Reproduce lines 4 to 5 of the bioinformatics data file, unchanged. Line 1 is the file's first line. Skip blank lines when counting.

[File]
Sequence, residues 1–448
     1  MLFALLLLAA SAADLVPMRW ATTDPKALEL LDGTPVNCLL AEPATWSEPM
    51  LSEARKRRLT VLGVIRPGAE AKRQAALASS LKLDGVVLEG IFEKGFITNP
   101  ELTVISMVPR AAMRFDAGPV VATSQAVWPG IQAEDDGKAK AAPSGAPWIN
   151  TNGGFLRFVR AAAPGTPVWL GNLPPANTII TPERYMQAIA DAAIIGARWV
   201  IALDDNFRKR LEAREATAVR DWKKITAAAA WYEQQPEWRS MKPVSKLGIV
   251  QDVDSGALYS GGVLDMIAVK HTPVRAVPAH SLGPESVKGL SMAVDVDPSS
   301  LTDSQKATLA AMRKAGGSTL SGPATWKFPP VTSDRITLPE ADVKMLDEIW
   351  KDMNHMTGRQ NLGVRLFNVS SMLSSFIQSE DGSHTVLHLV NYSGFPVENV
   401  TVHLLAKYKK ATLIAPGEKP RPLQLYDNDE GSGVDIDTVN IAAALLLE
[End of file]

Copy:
   101  ELTVISMVPR AAMRFDAGPV VATSQAVWPG IQAEDDGKAK AAPSGAPWIN
   151  TNGGFLRFVR AAAPGTPVWL GNLPPANTII TPERYMQAIA DAAIIGARWV